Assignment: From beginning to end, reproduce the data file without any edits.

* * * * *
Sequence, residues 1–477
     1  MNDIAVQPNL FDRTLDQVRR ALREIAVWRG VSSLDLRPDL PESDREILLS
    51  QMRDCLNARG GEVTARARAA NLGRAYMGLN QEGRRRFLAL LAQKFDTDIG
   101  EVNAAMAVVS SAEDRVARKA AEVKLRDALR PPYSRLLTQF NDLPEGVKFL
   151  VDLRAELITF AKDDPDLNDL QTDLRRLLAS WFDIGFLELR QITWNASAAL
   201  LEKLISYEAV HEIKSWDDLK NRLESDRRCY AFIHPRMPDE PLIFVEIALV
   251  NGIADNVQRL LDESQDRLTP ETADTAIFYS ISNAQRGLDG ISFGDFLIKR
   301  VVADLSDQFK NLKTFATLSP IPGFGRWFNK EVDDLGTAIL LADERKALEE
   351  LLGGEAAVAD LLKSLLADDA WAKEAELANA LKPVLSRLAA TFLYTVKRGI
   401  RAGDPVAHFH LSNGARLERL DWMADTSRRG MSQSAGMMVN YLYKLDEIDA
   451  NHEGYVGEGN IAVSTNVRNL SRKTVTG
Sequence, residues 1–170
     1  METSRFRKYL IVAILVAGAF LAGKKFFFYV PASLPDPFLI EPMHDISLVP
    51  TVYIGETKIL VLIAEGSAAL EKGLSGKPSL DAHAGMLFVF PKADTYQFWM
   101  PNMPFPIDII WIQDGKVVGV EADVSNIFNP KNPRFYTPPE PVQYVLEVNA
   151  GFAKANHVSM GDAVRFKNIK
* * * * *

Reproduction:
Sequence, residues 1–477
     1  MNDIAVQPNL FDRTLDQVRR ALREIAVWRG VSSLDLRPDL PESDREILLS
    51  QMRDCLNARG GEVTARARAA NLGRAYMGLN QEGRRRFLAL LAQKFDTDIG
   101  EVNAAMAVVS SAEDRVARKA AEVKLRDALR PPYSRLLTQF NDLPEGVKFL
   151  VDLRAELITF AKDDPDLNDL QTDLRRLLAS WFDIGFLELR QITWNASAAL
   201  LEKLISYEAV HEIKSWDDLK NRLESDRRCY AFIHPRMPDE PLIFVEIALV
   251  NGIADNVQRL LDESQDRLTP ETADTAIFYS ISNAQRGLDG ISFGDFLIKR
   301  VVADLSDQFK NLKTFATLSP IPGFGRWFNK EVDDLGTAIL LADERKALEE
   351  LLGGEAAVAD LLKSLLADDA WAKEAELANA LKPVLSRLAA TFLYTVKRGI
   401  RAGDPVAHFH LSNGARLERL DWMADTSRRG MSQSAGMMVN YLYKLDEIDA
   451  NHEGYVGEGN IAVSTNVRNL SRKTVTG
Sequence, residues 1–170
     1  METSRFRKYL IVAILVAGAF LAGKKFFFYV PASLPDPFLI EPMHDISLVP
    51  TVYIGETKIL VLIAEGSAAL EKGLSGKPSL DAHAGMLFVF PKADTYQFWM
   101  PNMPFPIDII WIQDGKVVGV EADVSNIFNP KNPRFYTPPE PVQYVLEVNA
   151  GFAKANHVSM GDAVRFKNIK